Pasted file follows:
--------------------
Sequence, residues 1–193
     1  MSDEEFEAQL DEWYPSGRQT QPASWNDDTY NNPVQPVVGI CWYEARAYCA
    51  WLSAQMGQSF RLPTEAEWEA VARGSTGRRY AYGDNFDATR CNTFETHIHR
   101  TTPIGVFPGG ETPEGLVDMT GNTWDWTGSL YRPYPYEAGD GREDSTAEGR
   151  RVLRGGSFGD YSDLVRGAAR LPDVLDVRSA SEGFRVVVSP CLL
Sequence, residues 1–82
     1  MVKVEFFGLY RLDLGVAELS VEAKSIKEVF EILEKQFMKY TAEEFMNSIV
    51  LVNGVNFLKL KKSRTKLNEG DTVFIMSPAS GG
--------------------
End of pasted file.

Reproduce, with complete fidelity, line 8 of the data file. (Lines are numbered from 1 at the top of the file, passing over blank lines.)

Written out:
    51  LVNGVNFLKL KKSRTKLNEG DTVFIMSPAS GG